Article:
Entrepreneurship, Legal Counsel, and Corporate Governance: The Key to Economic Recovery

Final Research and Writing Submission

Adrienne B. Haynes

University of Missouri-Kansas City School of Law

May 2013


  1. Introduction
  2. Entrepreneurs and Lawyers: Why we need each other
  3. What is Corporate Governance?
    1. Overview
    1. How do Principles of Corporate Governance Apply to Entrepreneurs?
    1. Successful Corporate Governance Strategies
    1. Criticism of Corporate Governance Principles when Applied to Entrepreneurship
  4. The Effect of Corporate Governance on the Economy
    1. Elements of a “Successful Entrepreneurial Economy”
    1. A Look at the Numbers
    1. Conclusion

The more people who own little businesses of their own, the safer our country will be, for the people who have a stake in their country and their community are its best citizens. -John Hancock[1]

  1. Introduction

Businesses start with an idea; an idea of how to satisfy a need and generate a profit. These ideas originate from entrepreneurs. The word “entrepreneur” originates from a French word, entreprendre, which means “to do something” or “to undertake.”[2] The Merriam-Webster dictionary defines an entrepreneur as “one who organizes, manages, and assumes the risks of a business or enterprise.”[3]  This overarching definition includes all new business starts and self employed persons, regardless of business activity.[4] A more narrow definition excludes “replicative entrepreneurs- those producing or selling a good or service already available through other sources”[5] and limits the scope of consideration to those “[entities] , new or existing, that provide… a new product or service or that [develops and uses] new methods to produce or deliver existing goods and services at lower cost.”[6] 

Because the qualifying degree of entrepreneurship is dependent on which definition is subscribed to, quantifying the effect of entrepreneurship on the economy can be challenging.[7] The Small Business Administration (“SBA”) subscribes to the broad definition of entrepreneurship which includes all businesses, regardless of whether or not the business activity is new or existing. It defines a small business as “an independent business having fewer than 500 employees”[8].  In 2010, this number reached 27.9 million. There were only 18,500 firms with 500 employees or more.[9] It is clear that entrepreneurial activity is crucial to the economy, but entrepreneurship alone cannot prevent an economic recession.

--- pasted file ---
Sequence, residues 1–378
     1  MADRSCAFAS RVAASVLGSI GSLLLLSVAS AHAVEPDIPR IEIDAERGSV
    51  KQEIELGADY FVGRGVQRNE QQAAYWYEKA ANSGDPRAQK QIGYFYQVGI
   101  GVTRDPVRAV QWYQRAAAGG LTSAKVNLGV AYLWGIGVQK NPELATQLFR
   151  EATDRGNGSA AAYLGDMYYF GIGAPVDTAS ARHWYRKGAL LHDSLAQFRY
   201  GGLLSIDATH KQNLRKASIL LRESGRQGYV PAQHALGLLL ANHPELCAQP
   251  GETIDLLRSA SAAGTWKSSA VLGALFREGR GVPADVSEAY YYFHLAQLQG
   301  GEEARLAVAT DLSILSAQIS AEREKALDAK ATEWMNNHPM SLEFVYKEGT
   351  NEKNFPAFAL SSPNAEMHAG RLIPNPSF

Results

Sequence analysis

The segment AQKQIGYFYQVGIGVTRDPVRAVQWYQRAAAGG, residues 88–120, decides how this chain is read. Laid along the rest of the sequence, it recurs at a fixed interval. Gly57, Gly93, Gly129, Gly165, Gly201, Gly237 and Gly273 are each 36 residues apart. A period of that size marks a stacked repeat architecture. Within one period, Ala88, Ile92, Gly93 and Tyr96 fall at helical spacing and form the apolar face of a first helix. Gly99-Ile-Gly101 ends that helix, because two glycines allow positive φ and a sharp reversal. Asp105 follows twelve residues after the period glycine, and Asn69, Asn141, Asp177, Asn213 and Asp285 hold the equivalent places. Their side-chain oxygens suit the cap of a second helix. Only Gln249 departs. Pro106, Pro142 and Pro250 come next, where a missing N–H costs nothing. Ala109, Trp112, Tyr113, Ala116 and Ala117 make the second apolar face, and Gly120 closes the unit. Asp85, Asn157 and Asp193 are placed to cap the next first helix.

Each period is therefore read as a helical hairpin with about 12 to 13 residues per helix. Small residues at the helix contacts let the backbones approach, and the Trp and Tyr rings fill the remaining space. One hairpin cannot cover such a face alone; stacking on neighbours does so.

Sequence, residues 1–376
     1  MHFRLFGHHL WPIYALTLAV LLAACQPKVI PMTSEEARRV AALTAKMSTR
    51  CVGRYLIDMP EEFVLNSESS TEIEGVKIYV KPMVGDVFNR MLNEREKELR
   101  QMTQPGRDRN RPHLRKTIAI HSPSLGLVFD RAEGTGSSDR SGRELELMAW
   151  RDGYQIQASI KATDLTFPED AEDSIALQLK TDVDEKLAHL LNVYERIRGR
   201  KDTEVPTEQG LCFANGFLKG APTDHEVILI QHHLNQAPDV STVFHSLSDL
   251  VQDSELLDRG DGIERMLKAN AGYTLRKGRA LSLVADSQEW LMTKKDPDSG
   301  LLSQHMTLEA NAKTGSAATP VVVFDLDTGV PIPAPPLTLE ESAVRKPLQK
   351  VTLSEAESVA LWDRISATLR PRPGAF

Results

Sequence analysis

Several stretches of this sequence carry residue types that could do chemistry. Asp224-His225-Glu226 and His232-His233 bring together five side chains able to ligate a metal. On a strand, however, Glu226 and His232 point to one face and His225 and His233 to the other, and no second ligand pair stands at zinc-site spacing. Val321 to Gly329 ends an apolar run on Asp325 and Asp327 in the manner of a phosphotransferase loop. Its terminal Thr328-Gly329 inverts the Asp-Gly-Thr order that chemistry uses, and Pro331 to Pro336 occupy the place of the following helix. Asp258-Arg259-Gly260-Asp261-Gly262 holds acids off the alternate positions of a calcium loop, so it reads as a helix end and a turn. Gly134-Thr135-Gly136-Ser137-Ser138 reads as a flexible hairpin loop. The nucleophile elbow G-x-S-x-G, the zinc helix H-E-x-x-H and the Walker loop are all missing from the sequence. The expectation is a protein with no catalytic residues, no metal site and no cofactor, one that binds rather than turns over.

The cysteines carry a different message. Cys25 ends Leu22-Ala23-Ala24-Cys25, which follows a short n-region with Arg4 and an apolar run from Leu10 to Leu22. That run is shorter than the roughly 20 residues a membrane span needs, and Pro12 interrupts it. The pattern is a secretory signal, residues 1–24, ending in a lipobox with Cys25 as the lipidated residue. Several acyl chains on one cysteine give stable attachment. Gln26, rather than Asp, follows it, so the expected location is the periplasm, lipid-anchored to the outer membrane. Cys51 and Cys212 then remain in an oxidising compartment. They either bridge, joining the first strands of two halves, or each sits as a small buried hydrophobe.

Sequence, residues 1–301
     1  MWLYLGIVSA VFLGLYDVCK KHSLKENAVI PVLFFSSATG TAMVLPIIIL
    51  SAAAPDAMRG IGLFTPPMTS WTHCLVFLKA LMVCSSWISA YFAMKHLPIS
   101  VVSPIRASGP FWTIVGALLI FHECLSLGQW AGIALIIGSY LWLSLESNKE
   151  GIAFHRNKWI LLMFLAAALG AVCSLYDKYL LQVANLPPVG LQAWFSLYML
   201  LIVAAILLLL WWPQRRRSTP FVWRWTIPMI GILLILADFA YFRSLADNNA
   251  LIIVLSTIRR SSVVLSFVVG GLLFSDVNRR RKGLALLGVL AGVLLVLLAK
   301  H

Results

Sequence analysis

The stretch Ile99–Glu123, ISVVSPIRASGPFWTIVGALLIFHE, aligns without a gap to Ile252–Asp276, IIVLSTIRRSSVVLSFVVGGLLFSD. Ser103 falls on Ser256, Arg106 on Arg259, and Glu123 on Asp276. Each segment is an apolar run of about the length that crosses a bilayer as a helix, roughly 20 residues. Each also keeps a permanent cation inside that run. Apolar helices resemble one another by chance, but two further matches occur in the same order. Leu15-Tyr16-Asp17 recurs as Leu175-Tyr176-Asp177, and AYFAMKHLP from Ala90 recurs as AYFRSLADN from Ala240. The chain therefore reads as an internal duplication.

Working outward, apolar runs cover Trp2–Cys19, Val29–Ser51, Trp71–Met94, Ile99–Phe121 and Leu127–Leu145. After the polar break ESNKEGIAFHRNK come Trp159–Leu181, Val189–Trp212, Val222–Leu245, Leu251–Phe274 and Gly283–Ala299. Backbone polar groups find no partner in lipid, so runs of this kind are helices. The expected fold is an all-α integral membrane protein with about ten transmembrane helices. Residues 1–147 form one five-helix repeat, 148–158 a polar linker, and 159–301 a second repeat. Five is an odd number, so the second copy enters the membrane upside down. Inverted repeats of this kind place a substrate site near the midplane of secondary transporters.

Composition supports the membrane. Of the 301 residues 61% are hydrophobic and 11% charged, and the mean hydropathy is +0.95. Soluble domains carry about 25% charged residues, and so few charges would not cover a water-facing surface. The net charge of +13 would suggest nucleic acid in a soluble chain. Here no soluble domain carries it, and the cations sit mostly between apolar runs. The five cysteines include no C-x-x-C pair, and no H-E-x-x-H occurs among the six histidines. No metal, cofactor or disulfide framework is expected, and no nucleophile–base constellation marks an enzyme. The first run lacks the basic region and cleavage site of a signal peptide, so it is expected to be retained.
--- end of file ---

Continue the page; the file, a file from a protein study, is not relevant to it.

The National Bureau of Economic Research (“NBER”) evaluates the state of the economy by analyzing trends in employment, personal income, sales volume in manufacturing and retail sectors and industrial production.[10] An economic recession is a period marked by “significant decline[s] in


economic activity”[11] and is evident when “businesses cease to expand, the [gross domestic product] diminishes for more than two consecutive quarters, the rate of unemployment rises and housing prices decline.”[12] While the number of entrepreneurial venture births tends to rise during these times of economic downturns, it is not enough to turn the tide.

Theories on exactly how to catapult an economy out of a recession and onto a trajectory of sustainable economic expansion and recovery varies by school of thought. However, there is one common thread: economic recovery requires people to spend money.  While at first glance, this logic may seem counterintuitive, an understanding that our economy is consumer driven may bring clarity. Spending money at a business indicates increased demand, which eventually requires business owners to hire more staff members. This has a positive effect on unemployment rates. In addition, increased demand encourages innovation and competition.

While statistics about business births during trying times may be encouraging, the majority of entrepreneurs have a keen awareness that if they want to survive the downturn they must take affirmative steps to prepare.  Planning for long term business success involves strategic partnerships that foster targeted discussion and management emphasis on the application of corporate governance principles to small business. This essay will explore how partnerships between entrepreneurial business ventures and legal professionals can lead to sustainable business growth and development and thus, kick start economic recovery.

  1. Entrepreneurs and Lawyers: Why we need each other

While many paint a picture of lawyers and entrepreneurs being on opposite ends of the personality and priority spectrums, this has not always been the case. The two governing documents of the United States of America, the Declaration of Independence and the Constitution, were birthed by the collaboration of legal minds and business visionaries. Of the fifty-six delegates that signed the Declaration of Independence, twenty five were lawyers, seventeen were merchants, and fourteen were plantation owners, and many men served in more than one capacity.[13] Of the fifty-five attendees of the Constitutional Convention of 1787, “thirty-five were lawyers or had benefited from legal training”[14] and thirteen were businessmen. [15] The desired result of their joint work was, in essence, the purest form of social entrepreneurship- the promotion of entrepreneurship or development coupled with the advancement of fundamental principles of human rights to advance widespread and lasting societal change.[16] In order for their desires to become a reality, they understood that their partnership was necessary in order to develop a multidisciplinary system of governance.